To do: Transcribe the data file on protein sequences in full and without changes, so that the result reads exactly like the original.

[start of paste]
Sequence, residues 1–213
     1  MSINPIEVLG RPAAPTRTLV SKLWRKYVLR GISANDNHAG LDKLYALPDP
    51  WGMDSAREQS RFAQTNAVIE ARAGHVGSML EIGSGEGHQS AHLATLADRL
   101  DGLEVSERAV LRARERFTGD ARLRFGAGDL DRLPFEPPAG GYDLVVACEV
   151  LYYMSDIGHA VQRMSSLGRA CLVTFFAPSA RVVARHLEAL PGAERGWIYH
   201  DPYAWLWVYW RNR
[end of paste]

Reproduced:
Sequence, residues 1–213
     1  MSINPIEVLG RPAAPTRTLV SKLWRKYVLR GISANDNHAG LDKLYALPDP
    51  WGMDSAREQS RFAQTNAVIE ARAGHVGSML EIGSGEGHQS AHLATLADRL
   101  DGLEVSERAV LRARERFTGD ARLRFGAGDL DRLPFEPPAG GYDLVVACEV
   151  LYYMSDIGHA VQRMSSLGRA CLVTFFAPSA RVVARHLEAL PGAERGWIYH
   201  DPYAWLWVYW RNR